As the election draws ever nearer, the political parties are ramping up their self-defence and, more commonly, their attack of the opposition. In a recent campaign (30/Oct/2014), Tories are claiming “Under Conservatives, the number of households with no one in work has fallen by 670 thousand” and it comes with the addendum that “Under Labour it rose”. If this is true then perhaps Labour were recklessly enabling people to stay unemployed and claim benefits, something the Conservatives have claimed for a long time.
As ever, there is no link to the data behind this assertion on either the email, the Facebook page or the Share the Facts site. However, it can safely be assumed that this is the 29th Oct 2014 release of the ONS’s Working and Workless Households statistics.
In this post, the claims of the Conservatives will be compared with the actual data and, sadly, will be found to be misleading and unfounded. In fact, they can be seen to tell a very different story, one where retirees and stay-at-home parents are being forced into work to help them stay afloat during the current, ongoing, cost of living crisis.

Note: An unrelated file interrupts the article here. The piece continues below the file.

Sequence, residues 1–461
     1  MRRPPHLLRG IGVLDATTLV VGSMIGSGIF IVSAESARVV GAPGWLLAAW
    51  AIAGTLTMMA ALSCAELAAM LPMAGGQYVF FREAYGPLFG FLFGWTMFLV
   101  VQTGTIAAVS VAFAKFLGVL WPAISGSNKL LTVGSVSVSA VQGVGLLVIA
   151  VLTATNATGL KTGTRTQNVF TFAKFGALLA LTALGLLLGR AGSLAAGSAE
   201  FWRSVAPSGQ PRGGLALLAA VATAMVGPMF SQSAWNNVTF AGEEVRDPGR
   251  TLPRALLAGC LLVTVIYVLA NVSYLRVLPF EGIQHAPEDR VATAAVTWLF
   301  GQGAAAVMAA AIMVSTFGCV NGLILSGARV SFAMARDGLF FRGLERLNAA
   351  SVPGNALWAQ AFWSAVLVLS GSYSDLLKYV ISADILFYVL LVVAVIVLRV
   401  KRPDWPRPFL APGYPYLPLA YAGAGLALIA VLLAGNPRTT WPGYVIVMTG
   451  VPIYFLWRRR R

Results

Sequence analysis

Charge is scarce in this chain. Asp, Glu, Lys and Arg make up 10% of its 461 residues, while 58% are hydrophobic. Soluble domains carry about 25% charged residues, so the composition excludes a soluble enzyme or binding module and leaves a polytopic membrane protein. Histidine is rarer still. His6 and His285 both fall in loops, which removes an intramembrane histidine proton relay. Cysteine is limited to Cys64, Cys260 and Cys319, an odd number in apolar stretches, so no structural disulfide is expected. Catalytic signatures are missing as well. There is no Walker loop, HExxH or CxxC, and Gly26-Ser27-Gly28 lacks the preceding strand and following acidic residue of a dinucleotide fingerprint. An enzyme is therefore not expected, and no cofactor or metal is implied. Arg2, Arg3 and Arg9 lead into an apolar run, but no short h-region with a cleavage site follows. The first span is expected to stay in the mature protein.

This dataset looks at numbers of fully working households (where everyone aged 16-64 is in employment), non-working households (where no-one 16-64 is employed) and mixed households in the UK. It contains various tables that break the data down using information like ‘households with children’ and ‘student households’ etc. Throughout this article I will refer to different ‘Tables’, meaning tables within this ONS data set.
Conservatives have reduced non-working households
So, the first thing is to try to recreate that figure of 670,000 reduced workless households. This is a ‘since Conservatives came to power’ figure so we can assume that it’s from around May 2010 until the latest figures. The data is made available for April-June of each year so let’s look at those figures for 2010 and 2014.
Table A is the most basic breakdown of households, presenting how many homes are in work, out of work or mixed and it is there that we do find the 671,000 figure quoted by the Conservatives. Column L has the figures for ‘All Workless Households’ and in Apr-Jun 2010 there were 3.952 million which has fallen by 671,000 to 3.281 million in Apr-Jun 2014.
At first glance the Conservatives are telling the truth. Their economic policy has reduced those benefits scroungers.